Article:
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Build a school for 300 children in Mombasa slum

by Mustard Seed Project (Kenya)
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Build a school for 300 children in Mombasa slum
Build a school for 300 children in Mombasa slum
Build a school for 300 children in Mombasa slum
Build a school for 300 children in Mombasa slum
Build a school for 300 children in Mombasa slum
Build a school for 300 children in Mombasa slum
Build a school for 300 children in Mombasa slum
Build a school for 300 children in Mombasa slum
Build a school for 300 children in Mombasa slum
Build a school for 300 children in Mombasa slum
Build a school for 300 children in Mombasa slum
Build a school for 300 children in Mombasa slum
Build a school for 300 children in Mombasa slum
Build a school for 300 children in Mombasa slum
Build a school for 300 children in Mombasa slum
Build a school for 300 children in Mombasa slum
Build a school for 300 children in Mombasa slum
Build a school for 300 children in Mombasa slum
Build a school for 300 children in Mombasa slum
Build a school for 300 children in Mombasa slum
Build a school for 300 children in Mombasa slum
Build a school for 300 children in Mombasa slum
Build a school for 300 children in Mombasa slum
Build a school for 300 children in Mombasa slum
Build a school for 300 children in Mombasa slum
Build a school for 300 children in Mombasa slum
Build a school for 300 children in Mombasa slum
Oct 24, 2019

Construction is about to start

Happy winners of 10th Anniversary Games Day
Happy winners of 10th Anniversary Games Day

We arrived in Kenya with great news for the contractors building our school. We have half the money needed for six classrooms on the upper storey and they can start building as soon as school closes on 25th October. We are all so excited. When completed all the children will be in the same building and we shall save £5,000 a year in rent.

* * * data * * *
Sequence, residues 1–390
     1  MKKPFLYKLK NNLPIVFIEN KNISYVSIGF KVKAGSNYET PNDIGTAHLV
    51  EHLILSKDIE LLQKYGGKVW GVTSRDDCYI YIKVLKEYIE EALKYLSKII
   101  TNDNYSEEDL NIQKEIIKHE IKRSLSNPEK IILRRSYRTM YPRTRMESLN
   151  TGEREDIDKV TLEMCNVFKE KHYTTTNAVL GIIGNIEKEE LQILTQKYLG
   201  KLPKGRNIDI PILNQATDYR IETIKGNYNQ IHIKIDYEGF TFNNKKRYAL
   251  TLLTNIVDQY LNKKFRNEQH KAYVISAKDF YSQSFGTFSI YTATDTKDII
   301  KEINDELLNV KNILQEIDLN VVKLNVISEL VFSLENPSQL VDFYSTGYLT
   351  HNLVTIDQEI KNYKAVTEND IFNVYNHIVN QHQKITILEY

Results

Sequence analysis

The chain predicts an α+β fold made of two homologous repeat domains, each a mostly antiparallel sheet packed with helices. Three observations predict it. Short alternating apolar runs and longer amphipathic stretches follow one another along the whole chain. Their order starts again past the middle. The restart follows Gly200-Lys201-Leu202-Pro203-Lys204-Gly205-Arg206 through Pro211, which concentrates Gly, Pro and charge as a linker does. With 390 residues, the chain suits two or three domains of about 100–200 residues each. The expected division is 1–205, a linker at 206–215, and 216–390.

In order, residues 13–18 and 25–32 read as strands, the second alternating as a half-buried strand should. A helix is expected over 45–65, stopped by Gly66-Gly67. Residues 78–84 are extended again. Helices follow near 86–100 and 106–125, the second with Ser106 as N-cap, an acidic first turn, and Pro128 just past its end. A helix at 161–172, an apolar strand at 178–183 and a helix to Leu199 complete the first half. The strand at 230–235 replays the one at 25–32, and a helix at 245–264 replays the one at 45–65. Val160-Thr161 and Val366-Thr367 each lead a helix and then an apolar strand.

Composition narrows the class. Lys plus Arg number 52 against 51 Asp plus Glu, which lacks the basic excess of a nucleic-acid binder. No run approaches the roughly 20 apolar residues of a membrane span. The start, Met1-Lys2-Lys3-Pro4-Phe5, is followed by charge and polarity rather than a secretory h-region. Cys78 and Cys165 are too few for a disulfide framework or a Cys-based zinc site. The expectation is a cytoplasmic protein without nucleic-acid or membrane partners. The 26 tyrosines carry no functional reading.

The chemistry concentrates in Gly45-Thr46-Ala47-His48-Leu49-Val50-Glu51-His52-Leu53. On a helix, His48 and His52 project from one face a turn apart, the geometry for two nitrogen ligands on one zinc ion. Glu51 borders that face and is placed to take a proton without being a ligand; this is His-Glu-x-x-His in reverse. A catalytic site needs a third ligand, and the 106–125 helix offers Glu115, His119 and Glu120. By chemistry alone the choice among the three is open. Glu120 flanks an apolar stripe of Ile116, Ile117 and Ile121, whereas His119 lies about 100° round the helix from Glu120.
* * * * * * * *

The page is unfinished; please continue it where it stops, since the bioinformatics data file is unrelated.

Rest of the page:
Some good news for the children too as due to the sad death of a friend we had money to spend on PE equipment which was long overdue. We had put the equipment in the school office and one class of children had to walk past it to go our to play. Before long the secret was out and hoards of children took equipment outside to play. We quickly went outside to retrieve it but not until a couple of photographs had been taken. Next day I bought some equipment for playtime too!

Other great news was a meeting with the parent class representatives. They had requested the meeting because they had issues of course. Their biggest one was about succession as they realised that I would not last forever! They were hugely relieved to discover that we had three young trustees on our board. The best thing was that they wanted to raise money for the school. It will be a small amount but so great that the parents want be involved.

As we were in Kenya at the time and it is our tenth anniversary we decided to support the parents in a fundraising event. Together we organised a games afternoon which was attended by all the parents and some of the community. 1,500 games were played in total and if we had not rung the bell to show that it was over I can imagine it might have gone on all night. I think I can safely say that it was enjoyed by all and even better was the skills learnt by the teachers. Last year I did a training session on organisation at which the teachers clearly learnt little. When asked the next day what had made this event so successful they were able to list all the organisation strategies used. Amazing!!